A Brief History of Jewish Philadelphia’s Wiki Page

The Wikipedia logo.
Wikipedia logo (Wikipedia-logo-v2.svg licensed under CC BY-SA 3.0)

Moriah Levin isn’t a historian, but from the way she talks, you wouldn’t know it.

The Philadelphia resident can list all sorts of trivia about the synagogues of Center City, like why Society Hill Synagogue doesn’t face toward Jerusalem or why Congregation Mikveh Israel has so few windows in its sanctuary. These fun facts are a side effect of Levin’s hobby: editing Wikipedia. And in this endeavor she isn’t alone.

Wikipedia is a free, online encyclopedia where all information within is user contributed. Since 2001, more than five million articles in English have been created on topics relating to science, history, art and everything in between. In September 2018, American web traffic analysis company Alexa Internet named Wikipedia the world’s fifth-most popular website in terms of overall visitor traffic, with millions visiting the site each month. Levin said it’s the usability of the platform that makes it so popular.

“I love that it’s user driven. It means somebody like me, in no way a professional historian or writer, but I have something to contribute. I have this little set of knowledge of Center City synagogues, and I can put it up there,” Levin said. “Absent somebody writing a proper history, Wikipedia is fantastic in the fact that we’re all on Google, we’re all on our phones, it’s completely accessible.”

When it comes to the Philadelphia Jewish community, there are many articles on notable people, synagogues and congregations. A conglomeration of all these articles can be found on a page titled “History of the Jews in Philadelphia.”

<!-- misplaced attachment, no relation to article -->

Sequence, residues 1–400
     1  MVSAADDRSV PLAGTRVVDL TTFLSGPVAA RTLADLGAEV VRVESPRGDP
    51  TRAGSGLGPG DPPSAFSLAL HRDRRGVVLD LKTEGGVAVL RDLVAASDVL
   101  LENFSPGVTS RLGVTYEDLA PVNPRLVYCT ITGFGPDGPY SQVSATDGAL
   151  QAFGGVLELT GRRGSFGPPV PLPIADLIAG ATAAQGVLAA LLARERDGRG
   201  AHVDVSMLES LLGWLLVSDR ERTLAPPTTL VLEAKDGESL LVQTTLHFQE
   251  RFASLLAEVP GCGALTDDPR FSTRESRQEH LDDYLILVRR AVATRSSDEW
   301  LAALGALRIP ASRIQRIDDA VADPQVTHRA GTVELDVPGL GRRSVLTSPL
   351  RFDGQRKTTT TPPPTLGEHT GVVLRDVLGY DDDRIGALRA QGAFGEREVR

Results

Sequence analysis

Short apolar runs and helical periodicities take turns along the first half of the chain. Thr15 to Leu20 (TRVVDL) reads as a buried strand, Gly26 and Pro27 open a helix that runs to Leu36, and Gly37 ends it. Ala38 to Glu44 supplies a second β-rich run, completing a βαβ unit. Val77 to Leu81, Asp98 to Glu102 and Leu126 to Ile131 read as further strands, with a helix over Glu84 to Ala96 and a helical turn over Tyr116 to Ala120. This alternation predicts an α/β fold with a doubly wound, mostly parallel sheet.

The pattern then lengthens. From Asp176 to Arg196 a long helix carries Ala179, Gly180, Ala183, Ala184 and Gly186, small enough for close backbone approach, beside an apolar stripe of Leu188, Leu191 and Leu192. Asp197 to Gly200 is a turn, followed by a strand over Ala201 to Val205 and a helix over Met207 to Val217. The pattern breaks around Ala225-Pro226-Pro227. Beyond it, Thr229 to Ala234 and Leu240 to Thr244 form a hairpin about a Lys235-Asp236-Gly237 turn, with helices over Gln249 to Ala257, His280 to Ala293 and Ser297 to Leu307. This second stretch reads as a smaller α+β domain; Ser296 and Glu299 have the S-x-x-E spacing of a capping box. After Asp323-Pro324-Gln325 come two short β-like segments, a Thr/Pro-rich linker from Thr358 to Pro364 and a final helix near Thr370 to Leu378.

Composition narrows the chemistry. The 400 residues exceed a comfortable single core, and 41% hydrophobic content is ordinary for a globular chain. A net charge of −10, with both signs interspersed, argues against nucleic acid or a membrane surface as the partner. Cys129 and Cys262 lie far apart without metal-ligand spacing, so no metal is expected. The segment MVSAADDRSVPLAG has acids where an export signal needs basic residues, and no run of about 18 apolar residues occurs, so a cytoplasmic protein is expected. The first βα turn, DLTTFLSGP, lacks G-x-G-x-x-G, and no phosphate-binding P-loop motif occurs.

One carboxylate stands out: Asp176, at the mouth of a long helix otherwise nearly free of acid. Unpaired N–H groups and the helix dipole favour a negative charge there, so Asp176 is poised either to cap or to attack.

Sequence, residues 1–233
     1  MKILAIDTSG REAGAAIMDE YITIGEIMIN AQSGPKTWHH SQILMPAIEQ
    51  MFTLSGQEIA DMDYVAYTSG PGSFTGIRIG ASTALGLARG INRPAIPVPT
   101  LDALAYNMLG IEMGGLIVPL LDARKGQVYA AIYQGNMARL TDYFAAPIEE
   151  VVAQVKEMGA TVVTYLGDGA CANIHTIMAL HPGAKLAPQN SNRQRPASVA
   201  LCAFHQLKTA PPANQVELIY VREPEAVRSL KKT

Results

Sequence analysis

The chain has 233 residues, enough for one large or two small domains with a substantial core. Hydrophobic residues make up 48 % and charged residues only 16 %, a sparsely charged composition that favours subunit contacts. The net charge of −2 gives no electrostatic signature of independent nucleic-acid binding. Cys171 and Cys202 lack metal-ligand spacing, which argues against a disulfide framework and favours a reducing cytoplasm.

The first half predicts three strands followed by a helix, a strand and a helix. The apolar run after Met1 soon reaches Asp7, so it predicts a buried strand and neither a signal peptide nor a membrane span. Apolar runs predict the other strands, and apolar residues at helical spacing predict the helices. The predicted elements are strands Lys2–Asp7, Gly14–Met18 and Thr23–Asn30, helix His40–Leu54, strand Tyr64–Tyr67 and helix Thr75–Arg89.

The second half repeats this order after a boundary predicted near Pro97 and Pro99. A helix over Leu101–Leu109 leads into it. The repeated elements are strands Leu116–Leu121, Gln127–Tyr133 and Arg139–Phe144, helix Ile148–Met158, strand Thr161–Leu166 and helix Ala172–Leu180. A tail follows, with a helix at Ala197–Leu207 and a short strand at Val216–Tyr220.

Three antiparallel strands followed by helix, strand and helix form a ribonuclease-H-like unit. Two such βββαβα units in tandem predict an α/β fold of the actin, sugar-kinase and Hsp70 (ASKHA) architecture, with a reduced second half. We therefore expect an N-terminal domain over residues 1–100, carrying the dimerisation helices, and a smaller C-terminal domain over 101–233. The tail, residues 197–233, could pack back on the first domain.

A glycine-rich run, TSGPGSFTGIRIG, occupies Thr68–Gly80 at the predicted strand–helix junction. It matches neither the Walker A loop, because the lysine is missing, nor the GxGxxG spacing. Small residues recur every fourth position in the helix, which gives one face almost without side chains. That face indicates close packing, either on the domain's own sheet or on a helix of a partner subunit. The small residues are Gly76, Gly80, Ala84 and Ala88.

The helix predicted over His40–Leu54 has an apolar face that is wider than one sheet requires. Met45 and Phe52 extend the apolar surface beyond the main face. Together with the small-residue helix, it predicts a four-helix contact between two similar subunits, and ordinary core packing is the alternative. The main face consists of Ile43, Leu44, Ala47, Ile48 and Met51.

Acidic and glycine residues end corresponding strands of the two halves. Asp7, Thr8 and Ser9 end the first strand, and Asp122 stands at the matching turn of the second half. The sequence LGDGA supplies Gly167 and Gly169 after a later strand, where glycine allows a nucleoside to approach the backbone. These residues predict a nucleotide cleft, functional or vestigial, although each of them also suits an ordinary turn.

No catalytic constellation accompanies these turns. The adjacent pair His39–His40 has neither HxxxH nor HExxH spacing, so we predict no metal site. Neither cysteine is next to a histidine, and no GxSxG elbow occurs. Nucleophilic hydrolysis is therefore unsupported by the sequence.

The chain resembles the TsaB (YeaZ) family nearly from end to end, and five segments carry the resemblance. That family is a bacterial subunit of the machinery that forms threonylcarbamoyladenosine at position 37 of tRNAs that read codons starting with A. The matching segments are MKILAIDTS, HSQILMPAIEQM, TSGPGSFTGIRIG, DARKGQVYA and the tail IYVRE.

Milo Grika, a technical writer in Minnesota, created the page in August 2005 using information from The Jewish Encyclopedia: A Descriptive Record of the History, Religion, Literature, and Customs of the Jewish People from the Earliest Times to the Present Day. The text is public domain and contains more than 15,000 articles on the history, culture and state of Judaism from the early days into the early-20th century. Grika said he was drawn to Wikipedia as he thought it was a good resource and wanted to help it expand. So he started contributing to articles on biology, linguistics and Jewish culture.

“I thought it was awesome. It was a chance for anyone to utilize the information that they thought was interesting or important or critical and get it out there for everyone to see,” Grika said. “At the time, Wikipedia was still growing. And that’s when I got pulled in, and I found a voice. I was writing articles, some of them were of my own interest, some of them pulling it in from the Jewish Encyclopedia.”

Grika is half Ashkenazi Jewish on his father’s side. Although he considers himself an atheist, he said this connection to Jewish culture is what prompted him to create pages on the subject matter. With a few tweaks, some formatting and linking to other preexisting pages, he was able to copy and paste the Jewish Encyclopedia section on Philly Jews and publish an article on the site. He estimates it took only a few hours to complete.

“It was the patriotic Jew wanting to get that information out there,” Grika said. “I was raised atheist, [but] at that time that I wrote [those Jewish-related articles], I was probably feeling a little bit more Jewish than I had previous and that I do now, but that has since waned.”

Ever since its creation, other Wikipedia users have made their mark on the page, such as Eugene Desyatnik.

He helped expand the information on several local synagogues, such as B’nai Abraham Chabad, of which he is a member. Working as a data architect, he first came across Wikipedia in 2008. Desyatnik said he soon noticed several articles covering software programs he was familiar with were either missing bits of information or were out of date. So he got to work and started making edits.